In Philippians 1, the Apostle Paul tells the Philippians that he prays to God that their love would increase (v. 9). This means that love is a gift of God’s grace, and we should ask Him to give us that gift. We can’t just manufacture love on our own.
This is further confirmed by what Paul goes on to say in the same passage. The fruit of righteousness “comes through Jesus Christ—to the praise and glory of God” (1:11).
In addition, the Philippians can be assured of the grace of God because “he who began a good work in you will carry it on to completion until the day of Christ Jesus” (1:6).
Our virtues are gifts of God’s grace.
This is more controversial than it should be among Christians. One reason for this, I believe, is that people take these truths out of the broader context of Scripture.
So, Christian A will say, “Did you work out your own salvation with fear in trembling, or was it God who was working in you?”
Christian B responds, “I worked. Christianity has not been easy.”
Christian A responds, “No, it was God working in you.” And the conversation spirals down from there.
The Bible is much more balanced. In Philippians 2, God tells the church through Paul, “Therefore, my dear friends, as you have always obeyed—not only in my presence, but now much more in my absence—continue to work out your salvation with fear and trembling, for it is God who works in you to will and to act in order to fulfill his good purpose” (12–13). A fabulous statement of human responsibility and God’s grace. If either side makes you uncomfortable, then . . .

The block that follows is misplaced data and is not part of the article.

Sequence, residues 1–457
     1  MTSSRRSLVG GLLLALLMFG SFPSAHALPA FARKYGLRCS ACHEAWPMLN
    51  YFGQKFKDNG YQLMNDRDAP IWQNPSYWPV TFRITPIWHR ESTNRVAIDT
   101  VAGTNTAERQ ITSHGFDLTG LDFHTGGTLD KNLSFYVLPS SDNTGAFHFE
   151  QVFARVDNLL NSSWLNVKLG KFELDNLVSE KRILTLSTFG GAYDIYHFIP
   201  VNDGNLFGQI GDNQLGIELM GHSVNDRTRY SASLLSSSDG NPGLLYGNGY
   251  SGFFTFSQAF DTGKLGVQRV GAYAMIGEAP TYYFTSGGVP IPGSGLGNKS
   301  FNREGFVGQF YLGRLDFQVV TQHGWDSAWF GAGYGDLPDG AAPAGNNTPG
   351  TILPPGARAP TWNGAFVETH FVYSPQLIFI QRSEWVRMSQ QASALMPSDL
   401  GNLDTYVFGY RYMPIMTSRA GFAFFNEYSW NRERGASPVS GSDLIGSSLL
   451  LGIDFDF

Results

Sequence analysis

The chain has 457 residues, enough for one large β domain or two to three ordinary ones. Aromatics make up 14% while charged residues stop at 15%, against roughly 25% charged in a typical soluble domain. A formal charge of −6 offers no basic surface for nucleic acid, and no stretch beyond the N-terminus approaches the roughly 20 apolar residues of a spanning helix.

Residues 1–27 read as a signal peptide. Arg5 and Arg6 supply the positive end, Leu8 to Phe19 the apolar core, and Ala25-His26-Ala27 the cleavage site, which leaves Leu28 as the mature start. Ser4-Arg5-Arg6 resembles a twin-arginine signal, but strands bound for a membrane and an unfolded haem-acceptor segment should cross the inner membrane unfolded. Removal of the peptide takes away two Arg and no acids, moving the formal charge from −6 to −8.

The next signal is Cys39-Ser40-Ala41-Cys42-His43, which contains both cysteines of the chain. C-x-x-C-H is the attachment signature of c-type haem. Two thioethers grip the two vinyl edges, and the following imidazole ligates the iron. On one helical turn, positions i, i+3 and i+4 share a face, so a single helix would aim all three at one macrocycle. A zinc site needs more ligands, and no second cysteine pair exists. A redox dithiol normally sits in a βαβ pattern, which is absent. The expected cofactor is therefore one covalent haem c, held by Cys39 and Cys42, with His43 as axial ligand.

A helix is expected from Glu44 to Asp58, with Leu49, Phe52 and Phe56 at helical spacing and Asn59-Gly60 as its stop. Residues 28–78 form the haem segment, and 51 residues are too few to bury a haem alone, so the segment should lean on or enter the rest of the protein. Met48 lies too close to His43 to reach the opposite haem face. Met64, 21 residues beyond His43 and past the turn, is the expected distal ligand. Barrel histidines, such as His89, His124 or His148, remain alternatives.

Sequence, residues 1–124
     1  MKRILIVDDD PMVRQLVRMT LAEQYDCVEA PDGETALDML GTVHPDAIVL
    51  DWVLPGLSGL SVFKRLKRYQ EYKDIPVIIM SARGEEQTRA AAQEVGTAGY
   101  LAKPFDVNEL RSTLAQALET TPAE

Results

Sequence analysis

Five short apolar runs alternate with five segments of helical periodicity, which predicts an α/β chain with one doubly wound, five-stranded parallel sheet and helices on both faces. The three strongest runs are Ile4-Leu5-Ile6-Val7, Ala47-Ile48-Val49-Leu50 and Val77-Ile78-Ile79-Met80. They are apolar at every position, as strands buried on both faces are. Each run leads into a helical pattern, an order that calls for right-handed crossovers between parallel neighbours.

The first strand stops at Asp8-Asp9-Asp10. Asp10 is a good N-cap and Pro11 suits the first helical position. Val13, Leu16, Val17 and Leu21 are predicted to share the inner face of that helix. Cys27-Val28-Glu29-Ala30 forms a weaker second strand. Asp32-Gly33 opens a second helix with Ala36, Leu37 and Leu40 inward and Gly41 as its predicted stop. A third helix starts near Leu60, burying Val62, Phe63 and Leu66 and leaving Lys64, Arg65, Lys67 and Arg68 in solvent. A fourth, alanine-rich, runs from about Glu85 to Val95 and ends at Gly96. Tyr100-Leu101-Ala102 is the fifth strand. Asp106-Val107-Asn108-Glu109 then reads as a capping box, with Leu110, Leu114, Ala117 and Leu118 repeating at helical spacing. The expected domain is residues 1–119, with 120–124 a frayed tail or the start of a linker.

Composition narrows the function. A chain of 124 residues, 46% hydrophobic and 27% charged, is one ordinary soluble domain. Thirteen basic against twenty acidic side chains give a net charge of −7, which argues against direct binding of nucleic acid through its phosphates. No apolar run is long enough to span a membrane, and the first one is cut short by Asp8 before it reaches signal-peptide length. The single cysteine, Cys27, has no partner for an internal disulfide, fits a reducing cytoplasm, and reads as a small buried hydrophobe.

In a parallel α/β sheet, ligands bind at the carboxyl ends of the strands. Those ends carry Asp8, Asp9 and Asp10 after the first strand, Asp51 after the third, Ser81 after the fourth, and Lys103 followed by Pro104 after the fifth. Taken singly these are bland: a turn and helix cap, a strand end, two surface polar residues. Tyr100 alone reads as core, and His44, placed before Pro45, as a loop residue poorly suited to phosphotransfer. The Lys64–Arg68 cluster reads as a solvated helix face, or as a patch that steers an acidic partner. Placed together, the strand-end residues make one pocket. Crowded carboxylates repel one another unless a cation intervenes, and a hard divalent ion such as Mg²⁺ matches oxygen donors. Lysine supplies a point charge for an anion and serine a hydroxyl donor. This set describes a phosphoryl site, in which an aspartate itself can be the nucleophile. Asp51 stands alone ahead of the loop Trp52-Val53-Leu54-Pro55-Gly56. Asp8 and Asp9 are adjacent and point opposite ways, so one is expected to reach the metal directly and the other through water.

Recently, I heard a Pastor talk about his conversion. He said, “By an act of my God-given will, I put my faith in Christ.”
I was rather taken aback. It seemed to miss the grace of God. However, as he continued, he said, “And I didn’t realize this at the time, but all of this was God’s work.”
It turned out that in the totality of his message, he captured both sides of the biblical balance.
Is it enough, then, for people to just work hard and then recognize later that it was the grace of God?
No. The work of God’s grace in us affects not only who gets ultimate credit for the work but also how we work.
Here are four ways in which we will work, if we believe that all that we do is the gift of God’s grace:
- We will maintain an attitude of humble dependence on God for any good we do.
- We will maintain a life of prayer. If we believe God’s grace is the source of any good in us, let us ask for it!
- We will maintain communion with Christ. “Neither can you bear fruit unless your remain in me” (Jn. 15:4).
- We will maintain an openness to the help of others. If we need Jesus, we should also confess we need His body (1 Cor. 12:12–31).
Grace is more than just a theological concept. It is a way of living in dependence on God. We all need to learn this more deeply and truly sing from the heart, “‘Tis grace hath bro’t me safe thus far, and grace will lead me home.”